“I have been lucky, but as a rider, you also have to want to make it happen," Von Eckermann says. Photo © Jenny Abrahamsson for World of Showjumping.

As a rider, you are only as good as your best horse and both Von Eckermann and Sprunger are well aware of the fact that they need to keep working on creating a strong string of horses around King Edward. “When I had Palloubet, I was a top athlete, I had top horses, I was winning, I was showing every weekend,” Sprunger says. “However, combining top sport with horse sales is simply not possible if you have to sell the best ones. We would wish to keep all of them, but we are not in that position. I have sold my best horses, but always made it back and I love the process. We are lucky when we can keep the sport our main focus, but to keep this set-up, we also have to focus on our clients and selling. It is our mission to build a strong team around King Edward. Now, I have two promising horses from Tina Pol for myself that I know I can keep, which I am grateful for. This is a new situation that I enjoy, a beginning of a new chapter for me.”

Time can be the key in turning something good into something exceptional

“Everything depends on the horses – that is how the sport is,” Von Eckermann points out. “I have been lucky, but as a rider, you also have to want to make it happen. You have to be so on it, you cannot sit still. I believe that in this sport, if you sit back and stop working for it, you are already losing. King Edward is now 12, and time goes quickly. With him it took two years before he was really in the top of the sport. I believe that with horses, if you go out and you need to find a new star, you will pick the wrong one – it has to come naturally. The hardest part is to find these new, raw diamonds, to pick them out. We don’t have so many horses in our stable, because we believe that when you put all your time into the horses you have, you give them the best chance. If you do too many horses without enough time, you are more likely to miss out on something. Time can be the key in turning something good into something exceptional.”

“It is an expensive sport and there are so many costs that are running in every month, so you need to have a financially safe environment,” he continues. “There is some prize money to win, but I believe you cannot put your trust only on that. We have our goals and we work towards them patiently, believing that the results will come eventually. Of course, while doing so, you need to have a feeling that the money is not going to be eaten up on the way. For me, when I jump on the highest level, I need to be really focused to do it good – really focused. You cannot have your head split on three other things. For many in our business, I believe this is the hardest part; to be so focused on your own thing – the sport – but at the same time, take care of the financial aspects.”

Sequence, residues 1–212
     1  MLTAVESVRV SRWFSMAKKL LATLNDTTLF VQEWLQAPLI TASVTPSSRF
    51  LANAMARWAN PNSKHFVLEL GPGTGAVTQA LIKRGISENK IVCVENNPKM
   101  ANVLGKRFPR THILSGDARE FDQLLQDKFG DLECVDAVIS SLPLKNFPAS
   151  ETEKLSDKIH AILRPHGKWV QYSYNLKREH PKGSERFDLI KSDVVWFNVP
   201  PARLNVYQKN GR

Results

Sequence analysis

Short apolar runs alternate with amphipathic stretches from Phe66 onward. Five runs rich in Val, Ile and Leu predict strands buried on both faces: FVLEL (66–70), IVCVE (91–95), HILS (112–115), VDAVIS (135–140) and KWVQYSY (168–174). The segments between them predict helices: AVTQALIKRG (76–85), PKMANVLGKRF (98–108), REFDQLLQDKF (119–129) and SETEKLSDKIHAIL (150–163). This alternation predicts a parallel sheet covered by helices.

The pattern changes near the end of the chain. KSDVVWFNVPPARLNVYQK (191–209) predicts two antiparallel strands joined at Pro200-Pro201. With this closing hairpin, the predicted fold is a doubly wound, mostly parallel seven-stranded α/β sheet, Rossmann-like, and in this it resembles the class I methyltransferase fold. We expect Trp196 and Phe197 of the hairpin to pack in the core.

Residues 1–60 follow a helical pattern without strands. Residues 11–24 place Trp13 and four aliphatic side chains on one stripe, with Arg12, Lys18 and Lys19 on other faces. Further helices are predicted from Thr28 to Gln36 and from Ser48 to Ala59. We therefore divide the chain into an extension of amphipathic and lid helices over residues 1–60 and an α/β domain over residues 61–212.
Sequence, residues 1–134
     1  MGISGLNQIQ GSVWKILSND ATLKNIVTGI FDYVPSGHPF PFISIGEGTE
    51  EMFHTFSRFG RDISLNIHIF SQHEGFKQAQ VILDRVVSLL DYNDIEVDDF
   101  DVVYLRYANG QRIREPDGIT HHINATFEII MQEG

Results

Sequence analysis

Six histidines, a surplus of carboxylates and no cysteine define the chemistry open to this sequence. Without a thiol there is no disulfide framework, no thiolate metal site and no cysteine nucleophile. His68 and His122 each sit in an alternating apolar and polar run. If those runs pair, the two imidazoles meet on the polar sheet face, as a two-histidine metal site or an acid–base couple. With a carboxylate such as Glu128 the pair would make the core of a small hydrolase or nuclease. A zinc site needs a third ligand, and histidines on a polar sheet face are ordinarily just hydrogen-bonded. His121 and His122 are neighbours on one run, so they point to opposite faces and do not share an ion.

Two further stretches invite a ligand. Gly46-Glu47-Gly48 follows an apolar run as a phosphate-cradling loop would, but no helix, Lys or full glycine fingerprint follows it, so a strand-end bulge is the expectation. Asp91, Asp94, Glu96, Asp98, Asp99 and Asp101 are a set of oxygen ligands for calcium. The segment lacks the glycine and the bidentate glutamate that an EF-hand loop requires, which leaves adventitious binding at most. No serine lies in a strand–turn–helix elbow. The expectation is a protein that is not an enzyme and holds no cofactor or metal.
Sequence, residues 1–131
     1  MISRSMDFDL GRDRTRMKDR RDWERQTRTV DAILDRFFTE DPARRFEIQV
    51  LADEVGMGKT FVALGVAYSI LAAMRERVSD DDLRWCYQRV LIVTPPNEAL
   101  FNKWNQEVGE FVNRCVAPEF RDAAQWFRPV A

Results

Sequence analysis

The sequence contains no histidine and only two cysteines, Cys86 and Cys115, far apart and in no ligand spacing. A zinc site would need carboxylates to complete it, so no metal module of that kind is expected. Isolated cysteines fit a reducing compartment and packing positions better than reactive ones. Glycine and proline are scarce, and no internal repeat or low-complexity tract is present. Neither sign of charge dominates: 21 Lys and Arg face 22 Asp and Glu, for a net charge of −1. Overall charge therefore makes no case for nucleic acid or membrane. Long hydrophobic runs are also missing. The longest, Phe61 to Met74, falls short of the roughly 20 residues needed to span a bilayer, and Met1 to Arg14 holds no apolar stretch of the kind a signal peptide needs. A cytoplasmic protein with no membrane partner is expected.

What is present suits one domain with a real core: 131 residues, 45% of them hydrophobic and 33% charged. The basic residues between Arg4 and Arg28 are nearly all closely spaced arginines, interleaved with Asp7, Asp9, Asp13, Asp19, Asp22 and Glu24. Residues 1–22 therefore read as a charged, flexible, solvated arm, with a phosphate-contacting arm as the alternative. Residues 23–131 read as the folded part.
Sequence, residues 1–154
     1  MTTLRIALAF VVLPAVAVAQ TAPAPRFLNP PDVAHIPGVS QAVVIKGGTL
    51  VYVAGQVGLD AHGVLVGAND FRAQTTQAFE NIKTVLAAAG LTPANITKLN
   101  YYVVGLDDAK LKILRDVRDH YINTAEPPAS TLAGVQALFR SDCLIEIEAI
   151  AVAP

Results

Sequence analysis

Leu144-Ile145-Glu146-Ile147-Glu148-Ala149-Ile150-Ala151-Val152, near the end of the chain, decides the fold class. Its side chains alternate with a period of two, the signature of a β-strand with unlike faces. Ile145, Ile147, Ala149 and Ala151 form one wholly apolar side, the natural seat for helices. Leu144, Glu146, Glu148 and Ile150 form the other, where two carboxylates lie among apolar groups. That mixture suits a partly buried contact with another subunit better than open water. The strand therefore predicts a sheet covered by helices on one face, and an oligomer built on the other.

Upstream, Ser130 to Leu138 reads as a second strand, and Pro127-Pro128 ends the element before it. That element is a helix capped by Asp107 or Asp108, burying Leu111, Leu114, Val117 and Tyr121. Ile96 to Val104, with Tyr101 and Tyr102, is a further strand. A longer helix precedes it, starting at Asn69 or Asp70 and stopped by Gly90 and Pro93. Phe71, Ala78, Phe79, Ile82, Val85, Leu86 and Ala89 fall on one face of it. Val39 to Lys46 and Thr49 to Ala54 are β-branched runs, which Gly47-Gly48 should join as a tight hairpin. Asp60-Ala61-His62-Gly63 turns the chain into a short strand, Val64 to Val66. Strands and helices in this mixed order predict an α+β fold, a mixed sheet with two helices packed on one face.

Create your own reality

Photo © Nanna Nieminen/WoSJ
“CYOR is the abbreviation for ‘create your own reality’ – and that is what we are trying to do,” Sprunger says. Photos © Nanna Nieminen for World of Showjumping.

“The work we do, for us it is not a job, it is our life,” Von Eckermann explains about the reality of being a World Champion and an Olympic gold medallist. “The days go on as before, I just think sometimes ‘thank God we made it’. When you have a horse like King Edward, it would feel like a failure if he did not get this kind of success – he deserves all of it.”

I believe a big key to our success is that we stick to what we feel

“I believe a big key to our success is that we stick to what we feel,” Von Eckermann continues. “You have to select your shows carefully and make a plan for your horse, not for yourself. I believe it, because I have made that mistake myself before: I have chosen shows that have not been the best fit to my horse. With King Edward, the World Championship was a clear goal for this year and we went backwards to plan the shows. You have to select the shows you believe suit your horse and your program – not too much, not too little. In this regard I am very lucky at the moment, because I am high on the ranking, so I can choose – and that is a huge advantage. Additionally, you have to be focused when you go to the show: I believe there is only a certain number of jumps in each horse and you have to use them as good as you can and not waste them. You need to have a plan, and even if it does not go 100% accordingly, keep going – if it goes bad, analyse why and do better next time. I have had two bad shows with King Edward, but the reasons were clear, so we stuck to our plan.”

Photo © Nanna Nieminen/WoSJ
“The most enjoyable part for us is that we are in this together,” Sprunger says. Photo © Nanna Nieminen for World of Showjumping.

“However, if we would not have the team behind us that we have, none of this would be possible,” Von Eckermann continues. “Without our great horse owners and the staff we have, we would never be where we are. We are very fortunate with the people we have around us.”

“The most enjoyable part for us is that we are in this together,” Janika fills in. “Even if it is cleaning up our property, everything we do is what we love, and we get to do this together. It is hard work, but we have the same approach. With horses, many roads lead to Rome, and riders we admire might think differently about certain things and it might work for them, but we are lucky to have the same ideas. For sure we argue, but about details, and that I think is a good thing; four eyes see more. Our core values are the same, and that is the main thing.”

“CYOR is the abbreviation for ‘create your own reality’ – and that is what we are trying to do,” Sprunger concludes. “You need to have a goal, know where you want to go, make a plan and make it happen. Sometimes, if people see someone doing better than them, I hear them speak about the others being luckier – I don’t believe in that, I believe in creating your own luck.”

 

No reproduction without written permission, copyright © World of Showjumping.com